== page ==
On 20 July 1944 a bomb placed in the briefing room of Wolf’s Lair would explode in an attempt to kill Hitler. It failed and many of the conspirators, including Field Marshal Erwin Rommel, would either be executed or commit suicide. So, who were the conspirators and why did it fail? Let’s find out.
The conspirators were a combination of both civilians and military and had varying reasons for coming together. Some opposed the anti-Jewish policies and were shocked by Kristallnacht, others were upset with how Hitler had mismanaged the war. Many wanted to save Germany from a catastrophic defeat they saw coming. Some of them no doubt would have faced a military tribunal had they survived for war crimes for working or assisting with the elimination of Jews. An earlier plot to kill Hitler on his airplane had failed, so the plan was changed. Called Operation Valkyrie, the plan was to take control of cities, disarming the SS, and arresting Nazi leaders.
Colonel Claus von Stauffenberg was to place a bomb under a table at the East Prussian headquarters called Wolf’s Lair. Then once Hitler was confirmed dead, a radio announcement would go out saying that the Nazi Party had murdered Hitler and ordering the Reserve Army to take control of key installations in Berlin, arresting Nazi leaders. Carl Friedrich Goerdeler, former mayor of Leipzig would become chancellor with former army chief of staff Ludwig Beck becoming president. Then the new government would begin negotiating for an armistice.
Stauffenberg arrived with two bombs on 20 Jul 1944 but was unable to arm one of them. In the briefing room where military aides were briefing Hitler, he placed the briefcase with the bomb under the table and near Hitler. He excused himself and left the room. Unfortunately, the briefcase was moved to under a thick leg of the table. When it detonated at 12:42 PM, Stauffenberg believed Hitler had been killed and put Operation Valkyrie into action. Hitler was wounded but not killed but the stenographer and three officers died. However instead of acting right away, many of the conspirators waited until Stauffenberg arrived in Berlin three hours later. By that time rumors of Hitler’s survival sapped the courage of many to go through with their plans. Precious time was lost, and it was too late now.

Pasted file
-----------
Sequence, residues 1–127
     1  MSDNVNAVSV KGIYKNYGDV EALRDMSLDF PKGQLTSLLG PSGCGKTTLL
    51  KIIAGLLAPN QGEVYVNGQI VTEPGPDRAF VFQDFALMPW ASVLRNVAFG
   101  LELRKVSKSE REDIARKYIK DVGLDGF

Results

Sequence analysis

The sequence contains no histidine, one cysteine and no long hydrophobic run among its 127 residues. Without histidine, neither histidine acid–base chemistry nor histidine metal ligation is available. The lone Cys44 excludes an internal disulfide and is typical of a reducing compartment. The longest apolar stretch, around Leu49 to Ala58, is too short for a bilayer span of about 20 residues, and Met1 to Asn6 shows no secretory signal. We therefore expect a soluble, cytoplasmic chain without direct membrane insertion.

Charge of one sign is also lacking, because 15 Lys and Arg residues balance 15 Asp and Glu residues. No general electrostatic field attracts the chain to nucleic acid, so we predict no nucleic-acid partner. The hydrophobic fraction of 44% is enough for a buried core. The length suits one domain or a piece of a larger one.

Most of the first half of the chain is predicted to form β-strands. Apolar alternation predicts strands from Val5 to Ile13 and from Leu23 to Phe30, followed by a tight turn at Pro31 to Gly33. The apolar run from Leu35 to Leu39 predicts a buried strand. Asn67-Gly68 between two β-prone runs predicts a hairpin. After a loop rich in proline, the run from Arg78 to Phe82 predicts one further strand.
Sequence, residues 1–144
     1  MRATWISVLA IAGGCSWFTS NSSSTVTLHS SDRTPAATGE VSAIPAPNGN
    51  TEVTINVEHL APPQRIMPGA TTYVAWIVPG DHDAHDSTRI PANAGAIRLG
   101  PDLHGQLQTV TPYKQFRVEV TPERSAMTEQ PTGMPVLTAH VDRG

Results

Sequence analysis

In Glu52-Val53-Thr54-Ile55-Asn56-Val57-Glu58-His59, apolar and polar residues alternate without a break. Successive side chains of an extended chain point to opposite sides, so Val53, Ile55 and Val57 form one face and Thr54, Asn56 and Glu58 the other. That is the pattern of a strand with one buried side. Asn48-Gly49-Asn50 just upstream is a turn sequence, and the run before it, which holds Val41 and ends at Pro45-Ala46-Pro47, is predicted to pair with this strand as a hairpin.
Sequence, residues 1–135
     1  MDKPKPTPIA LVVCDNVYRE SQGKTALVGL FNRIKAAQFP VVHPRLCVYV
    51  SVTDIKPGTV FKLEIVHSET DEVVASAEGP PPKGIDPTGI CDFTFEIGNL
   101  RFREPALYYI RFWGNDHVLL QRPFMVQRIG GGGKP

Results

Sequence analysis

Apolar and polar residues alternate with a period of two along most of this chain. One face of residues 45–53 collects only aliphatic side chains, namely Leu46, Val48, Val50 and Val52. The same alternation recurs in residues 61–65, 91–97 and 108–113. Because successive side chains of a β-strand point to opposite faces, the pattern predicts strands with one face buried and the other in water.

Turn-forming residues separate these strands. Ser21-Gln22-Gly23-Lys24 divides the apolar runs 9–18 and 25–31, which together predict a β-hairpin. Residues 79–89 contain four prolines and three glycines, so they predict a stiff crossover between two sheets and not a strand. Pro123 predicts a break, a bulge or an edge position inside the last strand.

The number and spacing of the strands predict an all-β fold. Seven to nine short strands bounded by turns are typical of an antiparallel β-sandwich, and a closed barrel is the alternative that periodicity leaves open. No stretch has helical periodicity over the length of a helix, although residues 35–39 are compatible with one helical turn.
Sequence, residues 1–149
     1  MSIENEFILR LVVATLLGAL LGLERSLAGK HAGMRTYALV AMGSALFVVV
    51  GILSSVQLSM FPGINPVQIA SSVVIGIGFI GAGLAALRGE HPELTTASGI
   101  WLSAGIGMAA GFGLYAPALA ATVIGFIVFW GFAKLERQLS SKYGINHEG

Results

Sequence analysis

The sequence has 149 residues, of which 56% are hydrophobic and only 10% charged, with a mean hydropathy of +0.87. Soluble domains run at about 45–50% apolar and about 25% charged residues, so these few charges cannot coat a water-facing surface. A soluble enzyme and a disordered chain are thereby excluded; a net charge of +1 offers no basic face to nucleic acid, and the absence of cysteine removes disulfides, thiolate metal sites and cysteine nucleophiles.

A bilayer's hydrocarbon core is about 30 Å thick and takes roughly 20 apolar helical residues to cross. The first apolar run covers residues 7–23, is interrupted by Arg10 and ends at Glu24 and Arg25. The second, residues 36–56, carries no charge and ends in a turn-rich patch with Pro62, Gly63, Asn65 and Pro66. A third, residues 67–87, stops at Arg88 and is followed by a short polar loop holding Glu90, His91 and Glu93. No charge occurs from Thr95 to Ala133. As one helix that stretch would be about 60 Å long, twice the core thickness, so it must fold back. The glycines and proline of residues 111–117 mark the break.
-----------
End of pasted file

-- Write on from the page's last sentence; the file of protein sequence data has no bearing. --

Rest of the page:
General Friedrich Fromm, who knew of the plot and condoned it, quickly saved himself by arresting the key conspirators and executing them. Hitler would go on the radio on 21 July 1944 to announce his survival to the nation and that those who had done this would be taken care of. The Gestapo swung into action arresting and torturing the remaining conspirators. Some were hauled before the infamous Volksgericht (People’s Court). There the infamous Nazi judge Roland Freisler handed out death sentences. Some were hanged, shot, and a few were strangled with piano wire. Fromm did not escape eventually being arrested, tried, and executed. General Beck was allowed to commit suicide but only wounded himself and had to be shot. The surprising revelation that Field Marshal Erwin Rommel was involved (he knew of the plot but took no active role in its planning or execution) shocked Hitler. Due to his popularity-and to avoid a trial-he was told if he committed suicide his family would be spared. Upon his death from an “illness”, he was given a full military funeral.
The assassination attempt did not weaken Hitler but strengthened it. His grip was tightened, and they went after not just those involved but other enemies, they could get rid of at the same time by claiming they were part of the plot as well. Over 7,000 were arrested and 4,980 were executed. The barbaric deaths of some by piano wire was specifically ordered by Hitler
- July Plot (Britannica.com)
- Assassination plot against Hitler fails (History.com)
- Plot to Assassinate Adolf Hitler (U.S. Holocaust Memorial Museum)
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